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10 Worst Practices in ICT for Education

By Wayan Vota on August 30, 2010

Michael Trucano, a recognized expert on deploying ICT in education, recently blogged about Worst practice in ICT use in education:

Here’s a list of some of what I consider to be the preeminent ‘worst practices’ related to the large scale use of ICTs in education in developing countries, based on first hand observation over the past dozen or so years. I have omitted names (please feel free to fill them in yourself). The criterion I used for selection was simple: The given worst practice was easily observable in multiple prominent initiatives, with (one fears) a high likelihood of re-occurrence, in the same or other places.

As one of his humble understudies in ICT4E, I found myself in agreement – these are worst practices that are repeated again, and again, and again, when technology and schools are mixed. As you read them, please think about how you’ll NOT let these practices happen in your next educational deployment:

1. Dump hardware in schools, hope for magic to happen
This is, in many cases, the classic example of worst practice in ICT use in education. Unfortunately, it shows no sign of disppearing soon, and is the precursor in many ways to the other worst practices on this list. “If we supply it they will learn”: Maybe in some cases this is true, for a very small minority of exceptional students and teachers, but this simplistic approach is often at the root of failure of many educational technology initiatives.

2. Design for OECD learning environments, implement elsewhere
With the best of intentions, and often ‘assisted’ by vendors, many groups (including many governments) have sought to simply transfer ICT-related models and practices from classrooms in industrialized countries to less developed education systems in other parts of the world. Sometimes this works, but unfortunately many places roll out programs and products that have at their core sets of assumptions (reliable electricity and connectivity, well-trained teachers, sufficient available time-on-task, highly literate students, space to implement student-centric pedagogies, relevant content, a variety of cultural norms, etc.) that do not correspond with local realities. The result is often (and not unsurprisingly) not very good.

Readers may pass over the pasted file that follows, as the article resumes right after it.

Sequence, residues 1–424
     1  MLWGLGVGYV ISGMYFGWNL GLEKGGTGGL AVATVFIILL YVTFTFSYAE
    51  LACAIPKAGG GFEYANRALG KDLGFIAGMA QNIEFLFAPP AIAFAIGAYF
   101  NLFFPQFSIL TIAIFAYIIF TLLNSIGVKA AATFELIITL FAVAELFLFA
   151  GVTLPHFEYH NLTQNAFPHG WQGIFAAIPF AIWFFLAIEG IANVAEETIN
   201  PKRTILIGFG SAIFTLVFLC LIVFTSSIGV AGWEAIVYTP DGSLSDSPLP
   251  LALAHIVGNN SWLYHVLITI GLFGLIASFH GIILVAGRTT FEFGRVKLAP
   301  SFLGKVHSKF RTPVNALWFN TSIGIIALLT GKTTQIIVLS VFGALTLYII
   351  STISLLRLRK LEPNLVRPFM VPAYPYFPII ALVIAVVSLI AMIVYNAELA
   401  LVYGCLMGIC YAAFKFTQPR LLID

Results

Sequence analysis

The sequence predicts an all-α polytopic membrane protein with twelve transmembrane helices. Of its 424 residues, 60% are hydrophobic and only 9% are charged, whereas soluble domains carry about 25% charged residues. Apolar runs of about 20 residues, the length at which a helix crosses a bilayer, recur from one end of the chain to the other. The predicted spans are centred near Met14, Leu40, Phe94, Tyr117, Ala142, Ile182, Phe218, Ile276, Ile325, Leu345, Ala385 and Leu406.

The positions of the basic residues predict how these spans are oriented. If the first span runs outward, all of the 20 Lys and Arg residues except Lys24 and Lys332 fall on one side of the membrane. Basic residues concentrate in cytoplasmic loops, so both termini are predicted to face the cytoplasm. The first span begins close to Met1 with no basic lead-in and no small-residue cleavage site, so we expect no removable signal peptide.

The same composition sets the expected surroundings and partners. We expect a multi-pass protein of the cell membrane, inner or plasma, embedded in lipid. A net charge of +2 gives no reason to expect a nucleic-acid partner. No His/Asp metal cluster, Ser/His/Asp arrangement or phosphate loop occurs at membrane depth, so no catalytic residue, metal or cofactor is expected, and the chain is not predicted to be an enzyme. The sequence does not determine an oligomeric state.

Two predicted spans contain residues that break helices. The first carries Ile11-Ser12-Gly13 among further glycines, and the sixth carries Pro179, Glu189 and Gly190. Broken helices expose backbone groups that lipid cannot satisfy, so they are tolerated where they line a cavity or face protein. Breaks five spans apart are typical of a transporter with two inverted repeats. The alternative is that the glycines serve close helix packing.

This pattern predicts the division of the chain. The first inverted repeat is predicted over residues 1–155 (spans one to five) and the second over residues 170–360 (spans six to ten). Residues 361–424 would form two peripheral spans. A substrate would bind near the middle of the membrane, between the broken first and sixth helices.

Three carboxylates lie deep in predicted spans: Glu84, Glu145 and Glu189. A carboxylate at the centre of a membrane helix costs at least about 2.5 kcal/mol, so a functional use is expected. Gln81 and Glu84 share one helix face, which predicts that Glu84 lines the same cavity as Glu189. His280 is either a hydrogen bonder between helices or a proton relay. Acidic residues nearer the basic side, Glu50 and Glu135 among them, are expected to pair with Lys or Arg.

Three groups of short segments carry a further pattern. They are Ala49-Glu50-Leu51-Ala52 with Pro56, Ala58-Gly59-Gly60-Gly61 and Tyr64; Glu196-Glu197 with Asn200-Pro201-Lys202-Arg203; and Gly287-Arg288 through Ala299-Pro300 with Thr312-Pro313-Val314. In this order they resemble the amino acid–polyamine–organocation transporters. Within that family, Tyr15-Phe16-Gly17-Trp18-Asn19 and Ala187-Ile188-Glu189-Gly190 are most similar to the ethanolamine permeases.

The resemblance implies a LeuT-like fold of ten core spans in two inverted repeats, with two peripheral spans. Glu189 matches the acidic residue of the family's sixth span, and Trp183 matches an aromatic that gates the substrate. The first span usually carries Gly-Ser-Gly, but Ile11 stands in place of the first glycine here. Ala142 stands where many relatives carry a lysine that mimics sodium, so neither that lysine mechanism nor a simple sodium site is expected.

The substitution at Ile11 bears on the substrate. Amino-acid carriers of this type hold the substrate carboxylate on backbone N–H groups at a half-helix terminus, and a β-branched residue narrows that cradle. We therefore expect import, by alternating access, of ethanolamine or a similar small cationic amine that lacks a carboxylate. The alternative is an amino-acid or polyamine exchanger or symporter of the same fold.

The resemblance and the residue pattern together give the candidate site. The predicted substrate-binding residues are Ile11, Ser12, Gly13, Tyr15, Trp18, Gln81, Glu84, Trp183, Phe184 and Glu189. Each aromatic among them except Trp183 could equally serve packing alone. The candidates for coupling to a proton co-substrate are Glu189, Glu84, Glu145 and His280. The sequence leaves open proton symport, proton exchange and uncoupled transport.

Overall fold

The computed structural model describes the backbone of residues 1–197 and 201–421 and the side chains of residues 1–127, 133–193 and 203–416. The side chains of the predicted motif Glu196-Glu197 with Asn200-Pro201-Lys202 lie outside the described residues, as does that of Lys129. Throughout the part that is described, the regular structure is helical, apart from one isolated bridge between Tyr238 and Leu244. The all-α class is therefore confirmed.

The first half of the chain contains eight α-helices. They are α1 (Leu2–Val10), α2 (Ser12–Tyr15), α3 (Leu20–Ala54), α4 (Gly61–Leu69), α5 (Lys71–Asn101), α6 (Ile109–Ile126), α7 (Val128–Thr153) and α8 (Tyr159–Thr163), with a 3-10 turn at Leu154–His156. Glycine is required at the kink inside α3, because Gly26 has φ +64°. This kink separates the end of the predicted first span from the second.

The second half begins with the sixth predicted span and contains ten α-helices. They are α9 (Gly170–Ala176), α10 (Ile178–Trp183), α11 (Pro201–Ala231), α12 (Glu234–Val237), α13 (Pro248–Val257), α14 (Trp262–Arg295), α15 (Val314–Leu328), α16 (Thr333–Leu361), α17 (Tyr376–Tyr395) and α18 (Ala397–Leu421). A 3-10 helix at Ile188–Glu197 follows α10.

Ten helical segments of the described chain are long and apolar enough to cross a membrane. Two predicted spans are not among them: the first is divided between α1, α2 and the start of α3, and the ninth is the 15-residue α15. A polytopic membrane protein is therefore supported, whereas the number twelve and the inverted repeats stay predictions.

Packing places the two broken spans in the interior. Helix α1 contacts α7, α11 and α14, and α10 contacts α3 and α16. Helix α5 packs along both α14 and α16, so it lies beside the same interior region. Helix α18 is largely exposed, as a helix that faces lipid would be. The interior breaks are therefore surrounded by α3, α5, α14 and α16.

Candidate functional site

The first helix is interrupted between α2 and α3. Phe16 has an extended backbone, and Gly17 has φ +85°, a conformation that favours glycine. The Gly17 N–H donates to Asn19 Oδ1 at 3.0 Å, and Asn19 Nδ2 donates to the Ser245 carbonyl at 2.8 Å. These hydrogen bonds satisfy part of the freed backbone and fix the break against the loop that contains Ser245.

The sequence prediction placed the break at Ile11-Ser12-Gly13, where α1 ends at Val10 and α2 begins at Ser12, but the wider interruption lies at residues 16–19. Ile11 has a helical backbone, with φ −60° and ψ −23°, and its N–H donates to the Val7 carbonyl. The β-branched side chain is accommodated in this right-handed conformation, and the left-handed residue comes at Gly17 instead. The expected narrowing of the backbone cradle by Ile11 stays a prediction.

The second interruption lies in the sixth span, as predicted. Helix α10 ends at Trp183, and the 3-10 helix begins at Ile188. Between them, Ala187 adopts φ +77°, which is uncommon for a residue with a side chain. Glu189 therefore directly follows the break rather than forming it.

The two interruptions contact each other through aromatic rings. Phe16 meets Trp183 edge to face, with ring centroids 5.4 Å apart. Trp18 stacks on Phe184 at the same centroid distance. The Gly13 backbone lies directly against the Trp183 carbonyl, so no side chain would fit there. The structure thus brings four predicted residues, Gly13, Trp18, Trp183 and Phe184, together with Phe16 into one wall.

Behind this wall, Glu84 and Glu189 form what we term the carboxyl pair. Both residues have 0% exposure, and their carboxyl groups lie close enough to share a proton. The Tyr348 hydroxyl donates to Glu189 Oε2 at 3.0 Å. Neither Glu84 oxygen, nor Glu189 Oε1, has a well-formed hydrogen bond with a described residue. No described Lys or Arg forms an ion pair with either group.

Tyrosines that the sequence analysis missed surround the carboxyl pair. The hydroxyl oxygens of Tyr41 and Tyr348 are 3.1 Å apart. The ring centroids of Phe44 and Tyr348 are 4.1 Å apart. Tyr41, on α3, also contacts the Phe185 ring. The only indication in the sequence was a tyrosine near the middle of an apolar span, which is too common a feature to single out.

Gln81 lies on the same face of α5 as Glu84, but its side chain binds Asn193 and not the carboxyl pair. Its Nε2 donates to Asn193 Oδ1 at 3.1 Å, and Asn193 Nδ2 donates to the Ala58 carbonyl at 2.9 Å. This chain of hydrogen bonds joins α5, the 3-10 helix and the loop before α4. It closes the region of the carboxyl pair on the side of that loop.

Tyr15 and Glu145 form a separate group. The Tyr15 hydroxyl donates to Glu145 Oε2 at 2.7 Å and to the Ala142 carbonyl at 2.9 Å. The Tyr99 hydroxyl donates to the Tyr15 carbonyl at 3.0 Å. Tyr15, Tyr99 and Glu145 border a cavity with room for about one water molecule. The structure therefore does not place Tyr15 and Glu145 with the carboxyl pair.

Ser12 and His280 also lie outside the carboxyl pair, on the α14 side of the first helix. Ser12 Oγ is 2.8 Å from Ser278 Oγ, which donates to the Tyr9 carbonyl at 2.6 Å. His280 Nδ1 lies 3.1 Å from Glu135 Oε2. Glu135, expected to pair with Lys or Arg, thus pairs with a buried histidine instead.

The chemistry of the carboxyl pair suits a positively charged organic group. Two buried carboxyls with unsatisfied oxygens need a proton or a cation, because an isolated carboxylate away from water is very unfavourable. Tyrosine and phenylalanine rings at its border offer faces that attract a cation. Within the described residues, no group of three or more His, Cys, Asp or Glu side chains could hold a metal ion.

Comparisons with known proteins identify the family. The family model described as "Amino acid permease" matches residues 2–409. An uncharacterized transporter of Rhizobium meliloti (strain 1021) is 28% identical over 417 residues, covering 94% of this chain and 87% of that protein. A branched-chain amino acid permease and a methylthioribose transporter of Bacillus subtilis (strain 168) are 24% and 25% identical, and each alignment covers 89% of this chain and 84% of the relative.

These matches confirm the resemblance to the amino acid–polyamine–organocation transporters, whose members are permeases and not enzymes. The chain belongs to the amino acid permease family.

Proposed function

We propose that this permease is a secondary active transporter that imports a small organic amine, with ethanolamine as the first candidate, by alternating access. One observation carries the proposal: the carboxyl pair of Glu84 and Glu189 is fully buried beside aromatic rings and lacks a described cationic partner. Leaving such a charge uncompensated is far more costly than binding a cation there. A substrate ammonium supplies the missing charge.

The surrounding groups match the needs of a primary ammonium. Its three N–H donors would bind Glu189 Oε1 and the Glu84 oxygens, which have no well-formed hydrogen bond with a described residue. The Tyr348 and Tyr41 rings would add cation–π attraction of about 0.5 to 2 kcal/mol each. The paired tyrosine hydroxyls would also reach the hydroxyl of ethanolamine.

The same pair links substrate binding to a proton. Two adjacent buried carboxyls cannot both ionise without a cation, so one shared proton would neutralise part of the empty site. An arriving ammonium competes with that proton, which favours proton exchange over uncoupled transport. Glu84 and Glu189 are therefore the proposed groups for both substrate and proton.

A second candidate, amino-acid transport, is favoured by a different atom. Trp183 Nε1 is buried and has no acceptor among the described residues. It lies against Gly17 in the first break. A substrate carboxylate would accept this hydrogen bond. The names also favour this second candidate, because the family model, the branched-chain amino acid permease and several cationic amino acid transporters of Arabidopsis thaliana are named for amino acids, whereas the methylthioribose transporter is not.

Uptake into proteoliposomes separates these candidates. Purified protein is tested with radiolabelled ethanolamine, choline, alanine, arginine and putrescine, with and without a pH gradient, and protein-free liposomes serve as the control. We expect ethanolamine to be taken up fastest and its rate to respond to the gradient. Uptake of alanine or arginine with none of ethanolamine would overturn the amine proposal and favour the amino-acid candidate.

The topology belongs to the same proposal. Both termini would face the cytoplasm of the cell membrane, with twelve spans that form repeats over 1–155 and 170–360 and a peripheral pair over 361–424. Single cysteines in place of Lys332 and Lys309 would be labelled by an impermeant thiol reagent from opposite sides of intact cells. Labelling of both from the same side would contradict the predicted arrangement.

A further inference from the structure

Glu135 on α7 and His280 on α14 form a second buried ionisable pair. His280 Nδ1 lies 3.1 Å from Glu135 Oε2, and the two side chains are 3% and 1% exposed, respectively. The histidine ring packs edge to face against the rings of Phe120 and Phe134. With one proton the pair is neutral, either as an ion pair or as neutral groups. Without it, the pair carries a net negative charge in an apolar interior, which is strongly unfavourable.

3. Think about educational content only after you have rolled out your hardware
Deploying lots of computer infrastructure in schools is expensive (and complicated). So expensive, in fact, that many critical complementary investments (in training, in tech support, in content, etc.) are ‘postponed’ until a later date. Sometimes this is a calculated bureaucratic maneuver/risk — the thinking is that, once the hardware is in place, the need for content will be more clear, and it will be easier to make the case for related funding at that time) — and other times this is simply a lack of good planning. But it is a fact that, in many places, only once computers are in place and a certain level of basic ICT literacy is imparted to teachers and students is the rather basic question asked: What are we going to do with all of this stuff? Related to this …

4. Assume you can just import content from somewhere else
Some places recognize the need for quality educational content from the start, but assume they can simply import it from somewhere else. In addition to obvious potential cultural issues, the successful integration of content developed elsewhere into daily teaching and learning practices is inhibited by a lack of clear understanding by teachers of the relevance of such materials to the required curricula. Much effort typically needs to be expended to map this content to explicit objectives and activities in the local curricula. (And of course: Teacher training helps too!)

5. Don’t monitor, don’t evaluate
This should be self-evident. That said, there are only a handful of really credible, rigorous impact evaluation studies done of educational technology initiatives in developing countries. Most evaluation work focuses on (perceptions of) changes in attitudes as the result of the use of educational technologies, and the success (or lack of success) in meeting varius simple metrics (number of computers installed, number of teachers trained, etc.). Such information is important, of course, but it is hardly sufficient. What is the impact of ICT use in education? If we don’t evaluate potential answers to this question, rigorously and credibly, all we are left with is well-intentioned guesswork and marketing dross.

6. Make a big bet on an unproven technology (especially one based on a closed/proprietary standard) or single vendor, don’t plan for how to avoid ‘lock-in
Let’s acknowledge that the speed of technological changes almost always outpaces the ability of educational planners to keep up. In response, some policymakers seek to get ‘ahead of the curve’ by placing large bets on new, largely unproven technologies in an effort to ‘leapfrog’ what is happening in other education systems. In other cases, education systems effectively outsource most of the capacity to manage activities in this area to a vendor or other third party. There are potentially valid reasons to pursue such courses of action in some cases, but they are inherently very risky, especially if clear plans are not made on how to ‘exit’ such decisions and relationships.

7. Don’t think about (or acknowledge) total cost of ownership/operation issues or calculations